Sunday, May 16, 2021
True ‘Guardians of Sound and Spirit’
By Ra’Kenna Joseph
Published September 12, 2008
 Women's Jazz Orchestra
photo provided courtesy of
Lesa Terry (center, violinist) and the Women’s Jazz Orchestra

“When most people think about women in jazz, they believe that we are all singers. The truth is that [female musicians] have an incredible history that is often overlooked,” said Lesa Terry, Founder and Director of The Women’s Jazz Orchestra.

This twenty-five-piece, all women ensemble will perform at the World Festival of Sacred Music at First United Methodist Church of Santa Monica on September 26, 2008 at 7:30pm. The performance will mark the debut of a series of performances dedicated to strings in jazz.

The orchestra’s cast pays tribute to the tradition of the all-female jazz bands of the 1940s. During wartime, male musicians were scarce and fighting on foreign lands so many all-female jazz bands began to spring forth. Building on a concept that originated during Terry’s acclaimed years with Max Roach’s Uptown String Quartet, WJO presents an innovative interpretation of symphonic music and rejoices in the themes of spirituality, gender, and ethnicity.


Terry states the ensemble’s make-up is not a political statement, but rather a cause for celebration and inspiration. “As a woman, I feel that it’s important to spotlight accomplishments of women as well. [We] represent a history inclusive of women in jazz, specifically focused on a desire to inspire and offer healing through music.” The compositions combine African, African American, Afro-Latin, Mexican, Chinese, jazz, and gospel genres to produce a culturally rich, intimate relationship between jazz and traditionally spiritual music.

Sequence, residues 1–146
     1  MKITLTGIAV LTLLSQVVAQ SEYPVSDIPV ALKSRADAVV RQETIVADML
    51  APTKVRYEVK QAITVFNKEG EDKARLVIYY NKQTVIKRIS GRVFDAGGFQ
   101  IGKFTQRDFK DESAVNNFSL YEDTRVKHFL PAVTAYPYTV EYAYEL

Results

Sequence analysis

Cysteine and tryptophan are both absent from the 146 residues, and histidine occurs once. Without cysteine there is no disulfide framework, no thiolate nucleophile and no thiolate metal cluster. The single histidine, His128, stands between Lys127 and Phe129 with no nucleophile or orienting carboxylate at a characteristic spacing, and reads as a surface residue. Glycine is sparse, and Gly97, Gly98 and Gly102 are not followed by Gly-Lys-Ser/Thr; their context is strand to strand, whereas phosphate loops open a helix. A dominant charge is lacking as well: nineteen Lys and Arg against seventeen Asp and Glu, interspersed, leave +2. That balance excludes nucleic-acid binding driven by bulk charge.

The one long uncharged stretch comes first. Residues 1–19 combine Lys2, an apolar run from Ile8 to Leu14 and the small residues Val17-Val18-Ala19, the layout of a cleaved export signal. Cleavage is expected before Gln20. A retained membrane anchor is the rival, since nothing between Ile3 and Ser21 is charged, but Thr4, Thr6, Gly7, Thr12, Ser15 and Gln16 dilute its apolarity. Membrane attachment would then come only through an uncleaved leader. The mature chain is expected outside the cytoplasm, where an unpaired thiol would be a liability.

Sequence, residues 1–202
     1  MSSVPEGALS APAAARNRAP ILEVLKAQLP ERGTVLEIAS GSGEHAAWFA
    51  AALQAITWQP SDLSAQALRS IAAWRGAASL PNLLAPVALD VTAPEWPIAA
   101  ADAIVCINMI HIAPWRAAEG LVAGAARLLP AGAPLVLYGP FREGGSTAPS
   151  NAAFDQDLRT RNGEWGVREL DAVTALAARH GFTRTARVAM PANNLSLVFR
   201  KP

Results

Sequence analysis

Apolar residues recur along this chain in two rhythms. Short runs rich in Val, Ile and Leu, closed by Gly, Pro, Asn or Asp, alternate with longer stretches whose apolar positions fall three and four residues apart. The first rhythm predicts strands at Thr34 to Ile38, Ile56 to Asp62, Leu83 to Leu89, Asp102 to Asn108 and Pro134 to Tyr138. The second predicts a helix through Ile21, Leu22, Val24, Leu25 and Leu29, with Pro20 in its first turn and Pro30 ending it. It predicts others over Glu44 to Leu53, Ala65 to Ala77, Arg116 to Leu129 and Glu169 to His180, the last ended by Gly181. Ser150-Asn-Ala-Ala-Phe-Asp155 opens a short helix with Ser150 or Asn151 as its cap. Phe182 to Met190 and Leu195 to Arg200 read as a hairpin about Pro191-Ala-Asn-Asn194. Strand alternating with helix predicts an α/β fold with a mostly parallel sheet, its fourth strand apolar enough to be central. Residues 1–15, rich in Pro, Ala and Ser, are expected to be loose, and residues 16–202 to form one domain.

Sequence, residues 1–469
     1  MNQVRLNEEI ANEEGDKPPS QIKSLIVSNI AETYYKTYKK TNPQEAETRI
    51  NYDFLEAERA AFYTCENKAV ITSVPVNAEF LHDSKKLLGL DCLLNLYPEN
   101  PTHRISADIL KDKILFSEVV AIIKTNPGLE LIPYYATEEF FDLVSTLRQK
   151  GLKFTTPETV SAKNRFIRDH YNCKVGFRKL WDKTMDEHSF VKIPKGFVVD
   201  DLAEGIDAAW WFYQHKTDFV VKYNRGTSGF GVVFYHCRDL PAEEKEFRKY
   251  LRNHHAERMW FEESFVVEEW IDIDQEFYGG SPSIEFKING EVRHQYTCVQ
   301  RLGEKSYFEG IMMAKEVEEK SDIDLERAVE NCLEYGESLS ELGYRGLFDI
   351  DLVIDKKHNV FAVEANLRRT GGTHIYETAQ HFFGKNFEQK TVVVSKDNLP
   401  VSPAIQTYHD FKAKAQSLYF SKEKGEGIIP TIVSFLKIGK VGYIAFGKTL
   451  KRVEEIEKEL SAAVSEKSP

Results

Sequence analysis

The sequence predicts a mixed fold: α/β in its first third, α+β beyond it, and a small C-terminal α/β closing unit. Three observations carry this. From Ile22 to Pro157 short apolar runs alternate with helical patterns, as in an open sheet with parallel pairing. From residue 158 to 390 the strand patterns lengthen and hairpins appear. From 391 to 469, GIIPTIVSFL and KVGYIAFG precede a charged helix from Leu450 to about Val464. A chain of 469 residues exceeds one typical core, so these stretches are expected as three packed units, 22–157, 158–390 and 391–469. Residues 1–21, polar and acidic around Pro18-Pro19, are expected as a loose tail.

“We will showcase the works of famed pianist Mary Lou Williams, contemporary musicians, and amazing gospel singers. Several African American composers and musicians are participating in this event and we encourage everyone to come out and support,” said Terry. The event is sponsored by the Hennings/Fischer Foundation, First Methodist Church of Santa Monica, Santa Monica College, and the UCLA Center for Intercultural Performance, just to name a few.

The WJO will also perform at the Schomburg Center’s Women in Jazz Series in 2009 and the centennial celebration of Mary Lou Williams at the Kennedy Center in Washington, DC. in 2010.

Although the September 26th event is free to the public, donations are appreciated. Donations for the event can be made at the concert or by calling 310.393.8258.

For more information, visit or

Categories: Music

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